An Art Producer Shares Her Experiences With Combining Video and Stills On A Shoot

More and more, clients are requesting motion as part of their specs and still photographers are increasingly becoming part of the solution by acting as directors of more than just the still photography.  I thought it would be helpful to start a conversation with art producers about what they are seeing.  I reached out to freelancer art producer, Shena Hickman, who drew from her recent experiences on Rolex with her co-producers, Loris Vigiani and Barry King from Evoke Films in London,  and a few other jobs to answer my questions.  Thank you Shena!
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How many jobs are your producing right now that have motion in addition to print?  And, if not recently, what was a recent project you can share with us?
I recently co-produced (7) shoots which included both still + film content productions for Rolex. As well, I handled the preliminary estimate and production on a project to launch a flagship store for a client. The launch event encompassed event production, a still life photo shoot and  a video shoot with industry influencers. For the video shoot they will be filming interviews of the influencers and then taking their portraits.  It will also have an artist performance wrap party.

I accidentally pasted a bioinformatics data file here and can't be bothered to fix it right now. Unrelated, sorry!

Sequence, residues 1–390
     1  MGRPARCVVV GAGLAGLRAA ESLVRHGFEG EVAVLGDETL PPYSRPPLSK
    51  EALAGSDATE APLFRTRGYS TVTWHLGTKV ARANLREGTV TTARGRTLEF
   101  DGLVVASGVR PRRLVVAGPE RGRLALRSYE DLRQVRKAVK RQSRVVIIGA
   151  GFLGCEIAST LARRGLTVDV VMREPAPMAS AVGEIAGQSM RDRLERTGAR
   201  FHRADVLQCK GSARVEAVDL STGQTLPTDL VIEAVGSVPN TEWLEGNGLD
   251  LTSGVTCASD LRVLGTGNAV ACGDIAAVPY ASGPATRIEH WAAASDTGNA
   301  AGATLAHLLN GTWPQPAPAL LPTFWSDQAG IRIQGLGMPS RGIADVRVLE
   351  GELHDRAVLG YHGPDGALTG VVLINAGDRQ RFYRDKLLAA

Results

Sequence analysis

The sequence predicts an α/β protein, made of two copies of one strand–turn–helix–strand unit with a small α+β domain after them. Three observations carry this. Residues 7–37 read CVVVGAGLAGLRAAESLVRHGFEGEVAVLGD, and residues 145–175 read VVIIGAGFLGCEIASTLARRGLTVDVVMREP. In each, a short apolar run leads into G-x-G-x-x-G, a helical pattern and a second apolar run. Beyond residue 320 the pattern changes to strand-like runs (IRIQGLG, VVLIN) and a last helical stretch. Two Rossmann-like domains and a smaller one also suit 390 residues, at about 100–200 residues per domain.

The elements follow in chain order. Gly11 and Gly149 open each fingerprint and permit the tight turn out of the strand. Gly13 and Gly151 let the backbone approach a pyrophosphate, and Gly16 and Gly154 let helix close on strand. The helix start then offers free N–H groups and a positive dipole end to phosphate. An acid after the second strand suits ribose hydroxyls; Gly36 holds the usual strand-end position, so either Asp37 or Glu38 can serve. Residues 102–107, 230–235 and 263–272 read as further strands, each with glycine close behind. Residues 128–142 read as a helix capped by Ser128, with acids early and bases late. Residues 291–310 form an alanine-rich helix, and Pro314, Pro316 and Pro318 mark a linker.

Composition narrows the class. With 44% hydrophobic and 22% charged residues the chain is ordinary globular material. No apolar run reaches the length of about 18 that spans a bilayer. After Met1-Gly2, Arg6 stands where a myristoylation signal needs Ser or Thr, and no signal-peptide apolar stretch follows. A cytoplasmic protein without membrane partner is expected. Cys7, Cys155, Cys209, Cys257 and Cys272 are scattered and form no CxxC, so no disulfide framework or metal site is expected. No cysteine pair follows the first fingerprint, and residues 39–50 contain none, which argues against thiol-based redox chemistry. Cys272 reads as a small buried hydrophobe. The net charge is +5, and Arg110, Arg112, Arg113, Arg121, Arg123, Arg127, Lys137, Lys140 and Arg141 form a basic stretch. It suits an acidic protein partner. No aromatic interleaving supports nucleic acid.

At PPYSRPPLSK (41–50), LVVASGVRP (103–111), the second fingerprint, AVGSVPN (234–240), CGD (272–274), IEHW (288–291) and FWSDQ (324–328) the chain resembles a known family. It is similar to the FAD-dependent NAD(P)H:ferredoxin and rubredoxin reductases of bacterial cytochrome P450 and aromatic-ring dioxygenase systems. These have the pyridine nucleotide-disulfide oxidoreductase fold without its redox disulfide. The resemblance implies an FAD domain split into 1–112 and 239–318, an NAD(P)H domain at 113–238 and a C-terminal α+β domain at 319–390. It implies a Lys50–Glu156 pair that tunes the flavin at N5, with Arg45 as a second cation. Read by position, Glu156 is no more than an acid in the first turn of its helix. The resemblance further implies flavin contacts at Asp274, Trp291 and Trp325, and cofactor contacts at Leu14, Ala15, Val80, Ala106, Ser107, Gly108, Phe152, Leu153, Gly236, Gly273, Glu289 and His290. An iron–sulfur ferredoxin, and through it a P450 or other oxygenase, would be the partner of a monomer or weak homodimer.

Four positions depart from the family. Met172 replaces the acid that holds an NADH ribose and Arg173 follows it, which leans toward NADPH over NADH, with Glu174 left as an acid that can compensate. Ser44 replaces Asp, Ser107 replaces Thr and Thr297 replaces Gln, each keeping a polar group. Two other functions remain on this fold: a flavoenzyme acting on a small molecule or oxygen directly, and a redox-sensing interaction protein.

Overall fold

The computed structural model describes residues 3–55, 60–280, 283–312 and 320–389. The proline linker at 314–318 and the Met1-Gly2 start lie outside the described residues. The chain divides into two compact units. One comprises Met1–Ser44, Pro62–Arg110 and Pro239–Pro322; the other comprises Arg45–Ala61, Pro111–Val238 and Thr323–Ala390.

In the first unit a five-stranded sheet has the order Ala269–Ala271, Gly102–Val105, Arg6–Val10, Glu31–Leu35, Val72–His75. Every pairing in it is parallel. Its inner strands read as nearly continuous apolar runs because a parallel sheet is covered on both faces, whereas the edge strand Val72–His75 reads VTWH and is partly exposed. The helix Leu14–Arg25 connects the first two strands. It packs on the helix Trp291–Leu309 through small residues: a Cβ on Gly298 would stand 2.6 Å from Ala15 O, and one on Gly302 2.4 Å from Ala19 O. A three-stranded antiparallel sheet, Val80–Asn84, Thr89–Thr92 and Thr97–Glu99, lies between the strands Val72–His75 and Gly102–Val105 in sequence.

Are you finding that jobs are originating with stills and then adding motion?  Or, the other way around?
Of late most productions are equally scoped for both still and film needs. Clients are seeming to need both especially for social media use which is in such high demand now.

Do you find that most photographers now have the ability to incorporate motion into their productions?
Yes, more often then not photographers have the skill set to do both. With our changing industry I think it’s beneficial when they can do motion in addition to stills imagery. It truly keeps them current in the business.

If a photographer is going to include video in their production, do most shoot it in their own or hire a DP?
It really depending on the film scope of work, it’s complexity and turnaround time.

How does your client define Behind the Scenes Video?  And, do they understand the difference between a Behind the Scenes video and a video with a narrative and sound?
I really think the lines are blurred between the two. Especially since a behind the scenes video can be scripted, have sound/music and supers.  For a video with a narrative I think voice over would be included as well. Which to date I have not incorporated voice over in my behind the scenes video.

Do you ever find that your client wants video but they do not always know what they will use it for?  If so, how do you direct the photographer team?
Yes, in the past I have captured  behind the scenes film on my photo shoots with no media buy/end use determined. I’ve also going through considerable rounds of edit post shoot for ultimately the portion of project put on hold

Do you find that there is still a learning curve within the agency when it comes to motion?  How about the client?  And, are photographers able to adequately answer the questions an agency and client may have?
I find when producing motion most issues come up in editing of the film. Or the initial brief was to capture behind the scenes but in edit wanting a different approach. Also in editing it can come down to too many opinions weighing in on flow of edit, genre of music and supers.

Thank you Sheena!

Attention art producers: Please email me if you are interested in sharing your own experiences with combining motion and still shoots.

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